Stormwater BMPs


Proper stormwater management acknowledges both water quantity and water quality. Historically, stormwater quantity and quality have been separately considered; runoff was routed as quickly as possible into the nearest body of water. Although this alleviates potential flooding concerns, water quality is often compromised. Common stormwater quality problems include gross pollutants, sediment, nutrients, and heavy metals. The chronic elevated presence of these pollutants is detrimental to the environment. As a result, the government has passed legislature to protect waterways. The passage of the National Pollution Discharge Elimination System (NPDES) permit requires that municipalities implement stormwater treatment techniques, known as Best Management Practices (BMPs). Unfortunately, the NPDES document suggests treatment to the maximum extent possible, a vague description at best. This thesis reports a two-part study that endeavors to evaluate three of these proprietary treatment units manufactured by Stormceptor, BaySaver Separation Systems, and Continuous Deflective Separator (CDS) Technologies, Inc. to determine their performances. Each manufacturer produces a separator system that physically removes contaminants through the use of hydrodynamic flow principles. Phase I of the study focuses on monitoring two Stormceptor units and a CDS device in field conditions, while the second phase of the study evaluates each of the three treatment systems under laboratory conditions. The data analyses from the field study show the importance of proper maintenance. Storm events monitored after sump material removal showed great improvement over storm events occurring some time after the sump material removal. Furthermore, the treatment devices show a greater ability to remove pollutants from smaller storm events when compared with larger storm events. It is suggested that large storms cause scour of sediment previously trapped within the sump of the devices. An increase in the total suspended solid and nutrient concentrations, which were higher than the influent concentrations, was observed in both the field and laboratory studies. This could be explained by the fact that organics trapped by the treatment system decompose over time, therefore producing nutrient-rich water in the sump of the devices with higher concentration than the subsequent storm events. Some results are close to the minimum detection limit of the parameters being tested and small differences between influent and effluent load exaggerate the percent load differences. Consequently, there is little statistical significance between influent and effluent data, thus the data are summarized utilizing two methods. The methods include graphical representation of concentration and percent load difference, a method that normalized storms based on event size. In addition, a mass balance of gross litter was performed during the laboratory study.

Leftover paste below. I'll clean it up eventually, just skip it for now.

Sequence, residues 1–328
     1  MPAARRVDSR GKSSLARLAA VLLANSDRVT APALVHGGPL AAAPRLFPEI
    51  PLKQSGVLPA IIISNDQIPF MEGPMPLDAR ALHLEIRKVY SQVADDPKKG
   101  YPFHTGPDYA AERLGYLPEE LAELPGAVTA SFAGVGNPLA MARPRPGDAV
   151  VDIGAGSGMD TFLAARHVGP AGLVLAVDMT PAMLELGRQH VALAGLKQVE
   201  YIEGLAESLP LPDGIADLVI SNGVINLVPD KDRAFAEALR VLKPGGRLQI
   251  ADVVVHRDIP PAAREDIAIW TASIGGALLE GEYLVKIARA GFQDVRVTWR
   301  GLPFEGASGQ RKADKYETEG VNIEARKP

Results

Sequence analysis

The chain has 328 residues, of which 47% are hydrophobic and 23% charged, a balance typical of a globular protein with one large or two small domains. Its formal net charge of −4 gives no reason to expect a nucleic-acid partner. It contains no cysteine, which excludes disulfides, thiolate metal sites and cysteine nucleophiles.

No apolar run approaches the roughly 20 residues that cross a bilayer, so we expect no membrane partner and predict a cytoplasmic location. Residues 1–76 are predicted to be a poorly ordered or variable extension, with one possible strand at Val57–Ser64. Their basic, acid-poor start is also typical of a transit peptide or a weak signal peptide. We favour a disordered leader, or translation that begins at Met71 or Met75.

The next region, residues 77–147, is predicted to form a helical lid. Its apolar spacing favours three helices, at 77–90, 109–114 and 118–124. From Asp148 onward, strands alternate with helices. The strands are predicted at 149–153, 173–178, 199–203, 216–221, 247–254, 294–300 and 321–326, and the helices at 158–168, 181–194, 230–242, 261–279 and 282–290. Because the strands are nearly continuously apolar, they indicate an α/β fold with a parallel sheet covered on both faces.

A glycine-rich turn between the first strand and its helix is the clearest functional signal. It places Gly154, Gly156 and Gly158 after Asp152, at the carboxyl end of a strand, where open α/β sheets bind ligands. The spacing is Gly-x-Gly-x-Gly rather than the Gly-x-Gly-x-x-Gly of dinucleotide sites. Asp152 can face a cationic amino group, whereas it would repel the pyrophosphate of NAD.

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Graduation Date





Nnadi, Ola


Master of Science in Civil Engineering (M.S.C.E.)


College of Engineering and Computer Science


Civil and Environmental Engineering

Degree Program

Civil Engineering








Release Date

August 2006

Length of Campus-only Access


Access Status

Masters Thesis (Open Access)